Thursday, September 15, 2011

Foggy Railroad Grade

Fourteen Senior Trailblazers drove the 65 miles from Bellingham to Schreiber's Meadow trailhead in a light, gentle mist to hike the Railroad Grade trail. No sign of the sun. We hoped that we would be hiking in something other than a downpour, and in that sense we were very lucky. It was only a light sprinkle when we started out, and as you can see from our clothing, it was not warm, either.
Once we reached Morovitz Meadow (seen here), we had donned our rain gear. You can see Mikey Poppins in the back with his bumbershoot, a sure sign of precipitation. We were also aware that unless something miraculous happened to clear the skies, we would not see the wonderful views that awaited us. However, I saw that if the sun had been out, the wildflowers that have only recently escaped from the snow that covered them would have been glorious. As it was, they were only moderately magnificent.
This is the trail leading to Railroad Grade, which is an interesting formation and has nothing to do with railroads. This trail leads the hiker up to a view that reveals a sheer drop-off on the other side from the retreat of the Easton Glacier many years ago. Since on this side of the meadow it is also somewhat steep, the trail goes upwards along a very narrow path. Last year we had incredible views, which you can see here. The second picture on last year's post is taken from almost the same place as this view I took today.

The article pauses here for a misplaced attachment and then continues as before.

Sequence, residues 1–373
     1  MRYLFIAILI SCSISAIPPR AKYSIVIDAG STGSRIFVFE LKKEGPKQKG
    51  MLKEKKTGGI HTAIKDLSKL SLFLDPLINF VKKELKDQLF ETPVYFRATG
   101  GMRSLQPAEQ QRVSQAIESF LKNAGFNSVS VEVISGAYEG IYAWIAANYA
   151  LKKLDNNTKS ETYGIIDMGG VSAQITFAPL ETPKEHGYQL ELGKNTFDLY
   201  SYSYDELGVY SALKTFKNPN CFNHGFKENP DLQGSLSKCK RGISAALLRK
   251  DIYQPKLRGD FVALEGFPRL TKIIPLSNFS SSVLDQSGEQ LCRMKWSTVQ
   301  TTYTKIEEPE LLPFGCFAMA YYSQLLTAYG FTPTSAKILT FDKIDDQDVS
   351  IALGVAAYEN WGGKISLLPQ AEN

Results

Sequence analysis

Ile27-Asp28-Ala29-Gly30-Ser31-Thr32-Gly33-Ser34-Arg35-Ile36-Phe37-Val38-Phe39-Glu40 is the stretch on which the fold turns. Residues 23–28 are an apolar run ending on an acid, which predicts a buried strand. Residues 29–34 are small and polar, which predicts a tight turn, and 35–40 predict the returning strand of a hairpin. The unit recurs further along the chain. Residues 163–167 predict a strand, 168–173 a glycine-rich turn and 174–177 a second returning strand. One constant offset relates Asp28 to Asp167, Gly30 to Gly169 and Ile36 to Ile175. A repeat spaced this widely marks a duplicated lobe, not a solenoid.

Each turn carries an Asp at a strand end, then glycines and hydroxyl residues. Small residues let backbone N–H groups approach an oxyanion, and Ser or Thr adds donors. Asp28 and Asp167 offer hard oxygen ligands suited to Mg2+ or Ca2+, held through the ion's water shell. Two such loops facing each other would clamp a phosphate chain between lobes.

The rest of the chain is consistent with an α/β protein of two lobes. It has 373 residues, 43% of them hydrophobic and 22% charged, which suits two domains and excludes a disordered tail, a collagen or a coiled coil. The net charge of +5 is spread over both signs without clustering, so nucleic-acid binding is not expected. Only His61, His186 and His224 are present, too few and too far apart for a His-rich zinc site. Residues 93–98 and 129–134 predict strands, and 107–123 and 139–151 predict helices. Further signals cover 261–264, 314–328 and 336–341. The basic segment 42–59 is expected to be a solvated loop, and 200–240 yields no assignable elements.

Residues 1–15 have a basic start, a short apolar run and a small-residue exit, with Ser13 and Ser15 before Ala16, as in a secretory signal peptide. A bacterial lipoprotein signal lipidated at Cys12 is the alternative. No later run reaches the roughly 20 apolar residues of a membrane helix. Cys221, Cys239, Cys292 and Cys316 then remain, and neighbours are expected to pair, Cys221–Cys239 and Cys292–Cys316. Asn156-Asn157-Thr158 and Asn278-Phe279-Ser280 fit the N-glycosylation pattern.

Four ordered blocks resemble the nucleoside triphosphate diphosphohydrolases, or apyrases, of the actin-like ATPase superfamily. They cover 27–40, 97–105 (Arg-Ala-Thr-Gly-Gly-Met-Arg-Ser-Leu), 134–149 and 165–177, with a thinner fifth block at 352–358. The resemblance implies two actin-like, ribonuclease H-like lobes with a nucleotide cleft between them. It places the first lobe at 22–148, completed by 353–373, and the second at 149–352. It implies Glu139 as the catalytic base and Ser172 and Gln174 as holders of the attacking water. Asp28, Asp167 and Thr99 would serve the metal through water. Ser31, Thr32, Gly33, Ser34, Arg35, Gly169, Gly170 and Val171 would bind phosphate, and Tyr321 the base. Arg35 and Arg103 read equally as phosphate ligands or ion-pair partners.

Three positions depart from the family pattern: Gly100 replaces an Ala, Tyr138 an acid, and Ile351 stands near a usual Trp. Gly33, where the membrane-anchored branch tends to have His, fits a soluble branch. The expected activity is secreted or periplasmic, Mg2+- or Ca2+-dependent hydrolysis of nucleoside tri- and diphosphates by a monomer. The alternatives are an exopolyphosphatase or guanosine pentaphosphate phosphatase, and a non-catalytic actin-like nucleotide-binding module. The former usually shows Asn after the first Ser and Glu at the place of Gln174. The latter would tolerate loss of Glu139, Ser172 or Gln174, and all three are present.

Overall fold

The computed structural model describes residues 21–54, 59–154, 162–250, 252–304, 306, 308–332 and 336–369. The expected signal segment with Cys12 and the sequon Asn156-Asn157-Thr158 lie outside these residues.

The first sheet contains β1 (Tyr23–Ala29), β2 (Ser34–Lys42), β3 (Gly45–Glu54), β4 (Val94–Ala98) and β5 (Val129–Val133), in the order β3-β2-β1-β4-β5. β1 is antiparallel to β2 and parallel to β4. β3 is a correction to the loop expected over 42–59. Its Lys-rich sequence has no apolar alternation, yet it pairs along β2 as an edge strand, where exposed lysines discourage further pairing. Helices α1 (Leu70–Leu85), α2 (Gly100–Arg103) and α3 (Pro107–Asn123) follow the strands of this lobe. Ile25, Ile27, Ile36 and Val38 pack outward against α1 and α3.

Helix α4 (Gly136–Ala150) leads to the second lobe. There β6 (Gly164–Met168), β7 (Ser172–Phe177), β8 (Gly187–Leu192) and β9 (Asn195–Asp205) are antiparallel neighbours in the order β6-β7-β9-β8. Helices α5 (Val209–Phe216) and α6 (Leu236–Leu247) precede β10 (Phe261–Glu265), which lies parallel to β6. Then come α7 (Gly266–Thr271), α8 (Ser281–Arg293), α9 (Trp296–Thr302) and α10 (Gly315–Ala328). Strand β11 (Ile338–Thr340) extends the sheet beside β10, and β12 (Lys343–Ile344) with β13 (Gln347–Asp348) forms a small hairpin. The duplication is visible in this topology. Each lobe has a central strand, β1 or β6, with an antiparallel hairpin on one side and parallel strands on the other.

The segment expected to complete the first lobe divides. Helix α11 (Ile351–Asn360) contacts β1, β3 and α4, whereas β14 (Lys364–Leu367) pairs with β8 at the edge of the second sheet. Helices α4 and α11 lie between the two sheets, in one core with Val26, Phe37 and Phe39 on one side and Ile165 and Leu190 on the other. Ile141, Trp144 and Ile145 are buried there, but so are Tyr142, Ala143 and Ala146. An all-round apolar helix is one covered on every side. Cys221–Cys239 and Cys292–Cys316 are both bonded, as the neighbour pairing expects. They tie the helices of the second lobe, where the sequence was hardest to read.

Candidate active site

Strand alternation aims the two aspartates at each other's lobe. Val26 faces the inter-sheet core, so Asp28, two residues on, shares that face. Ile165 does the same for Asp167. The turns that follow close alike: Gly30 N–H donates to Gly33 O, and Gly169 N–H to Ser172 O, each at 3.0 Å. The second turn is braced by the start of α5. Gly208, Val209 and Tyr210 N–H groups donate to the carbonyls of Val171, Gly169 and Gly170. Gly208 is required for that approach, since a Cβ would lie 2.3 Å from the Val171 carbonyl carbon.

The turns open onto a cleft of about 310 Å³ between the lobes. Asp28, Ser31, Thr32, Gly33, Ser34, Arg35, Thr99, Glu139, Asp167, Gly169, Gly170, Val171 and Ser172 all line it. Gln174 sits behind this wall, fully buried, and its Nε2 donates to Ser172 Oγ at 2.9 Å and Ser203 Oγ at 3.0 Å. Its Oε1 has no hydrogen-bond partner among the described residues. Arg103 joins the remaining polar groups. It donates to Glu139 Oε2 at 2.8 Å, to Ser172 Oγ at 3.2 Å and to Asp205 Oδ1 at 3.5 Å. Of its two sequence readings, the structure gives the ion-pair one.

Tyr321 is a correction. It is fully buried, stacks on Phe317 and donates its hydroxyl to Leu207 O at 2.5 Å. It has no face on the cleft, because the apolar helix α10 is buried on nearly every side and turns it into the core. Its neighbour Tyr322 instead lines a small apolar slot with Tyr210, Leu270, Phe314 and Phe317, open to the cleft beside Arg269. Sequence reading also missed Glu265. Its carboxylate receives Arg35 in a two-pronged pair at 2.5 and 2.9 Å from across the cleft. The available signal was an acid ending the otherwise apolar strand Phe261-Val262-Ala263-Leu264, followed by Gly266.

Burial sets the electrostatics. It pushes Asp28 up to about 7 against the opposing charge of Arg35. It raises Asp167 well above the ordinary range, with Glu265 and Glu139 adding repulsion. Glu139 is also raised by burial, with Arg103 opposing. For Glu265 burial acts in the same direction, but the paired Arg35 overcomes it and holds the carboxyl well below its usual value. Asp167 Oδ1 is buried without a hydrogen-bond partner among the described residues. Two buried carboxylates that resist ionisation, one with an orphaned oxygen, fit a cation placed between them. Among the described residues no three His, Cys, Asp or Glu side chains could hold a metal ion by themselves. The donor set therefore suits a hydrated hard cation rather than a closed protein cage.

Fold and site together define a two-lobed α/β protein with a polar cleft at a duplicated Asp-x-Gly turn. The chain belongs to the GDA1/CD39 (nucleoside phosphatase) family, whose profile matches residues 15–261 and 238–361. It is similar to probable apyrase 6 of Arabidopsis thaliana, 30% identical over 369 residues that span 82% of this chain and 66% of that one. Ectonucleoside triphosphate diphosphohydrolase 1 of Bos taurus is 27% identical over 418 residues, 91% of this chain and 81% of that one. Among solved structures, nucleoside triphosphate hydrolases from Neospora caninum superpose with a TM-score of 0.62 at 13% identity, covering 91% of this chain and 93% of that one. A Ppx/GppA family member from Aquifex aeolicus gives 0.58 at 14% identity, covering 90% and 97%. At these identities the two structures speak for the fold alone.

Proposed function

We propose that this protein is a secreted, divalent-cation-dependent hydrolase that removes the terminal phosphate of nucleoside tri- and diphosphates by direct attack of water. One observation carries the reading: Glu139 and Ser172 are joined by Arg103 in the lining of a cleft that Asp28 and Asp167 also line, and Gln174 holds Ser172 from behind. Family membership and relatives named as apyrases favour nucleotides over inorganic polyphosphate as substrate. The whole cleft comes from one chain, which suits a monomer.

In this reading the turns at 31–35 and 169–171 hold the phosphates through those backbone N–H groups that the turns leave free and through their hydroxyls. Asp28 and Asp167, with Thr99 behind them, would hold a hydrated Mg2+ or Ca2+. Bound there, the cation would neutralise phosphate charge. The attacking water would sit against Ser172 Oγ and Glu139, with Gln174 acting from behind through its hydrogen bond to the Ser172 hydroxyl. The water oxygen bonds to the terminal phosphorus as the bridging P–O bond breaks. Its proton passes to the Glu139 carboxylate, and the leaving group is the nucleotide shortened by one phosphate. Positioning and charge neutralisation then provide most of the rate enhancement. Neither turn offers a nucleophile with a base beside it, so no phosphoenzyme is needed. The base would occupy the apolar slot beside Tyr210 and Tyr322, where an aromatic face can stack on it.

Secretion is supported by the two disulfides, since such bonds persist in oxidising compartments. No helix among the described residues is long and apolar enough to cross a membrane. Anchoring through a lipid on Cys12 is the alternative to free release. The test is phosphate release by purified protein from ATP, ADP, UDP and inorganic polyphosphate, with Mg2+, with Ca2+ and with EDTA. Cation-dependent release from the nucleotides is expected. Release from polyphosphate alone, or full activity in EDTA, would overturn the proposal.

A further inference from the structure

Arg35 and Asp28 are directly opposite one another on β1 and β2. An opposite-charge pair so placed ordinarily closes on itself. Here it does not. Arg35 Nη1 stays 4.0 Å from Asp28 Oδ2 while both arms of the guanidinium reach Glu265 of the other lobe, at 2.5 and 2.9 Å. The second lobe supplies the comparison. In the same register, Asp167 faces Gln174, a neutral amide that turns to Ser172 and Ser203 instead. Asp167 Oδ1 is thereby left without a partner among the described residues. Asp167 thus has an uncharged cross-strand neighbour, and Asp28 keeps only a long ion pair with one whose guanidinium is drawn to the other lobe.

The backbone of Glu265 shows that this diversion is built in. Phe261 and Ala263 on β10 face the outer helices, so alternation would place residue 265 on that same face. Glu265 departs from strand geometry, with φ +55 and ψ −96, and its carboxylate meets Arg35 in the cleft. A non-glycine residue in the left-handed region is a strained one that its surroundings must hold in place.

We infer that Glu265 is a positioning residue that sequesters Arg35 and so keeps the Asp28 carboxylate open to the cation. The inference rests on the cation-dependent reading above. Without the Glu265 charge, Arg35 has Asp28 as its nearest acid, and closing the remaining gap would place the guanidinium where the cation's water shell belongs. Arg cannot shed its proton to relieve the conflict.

Even though you cannot see what is on the left side, it's very impressive. The first clue you have that something is different is the sound of Rocky Creek roaring a thousand feet below. We turned left and started to follow the trail. This is what it looked like below us today.
The fog closed in not long after I took this picture, but I started up the Grade heading up towards what is left of the once-massive glacier. However, realizing that since I had done this last year and the payoff of more incredible views had kept me going then, no such enticement was available to make me go today. Four of our intrepid group did keep going upwards, however, while the rest of us retreated to find a nice warm place out of the rain to have lunch. I got this shot of those four heading back down to join us. I don't think they went very far, either.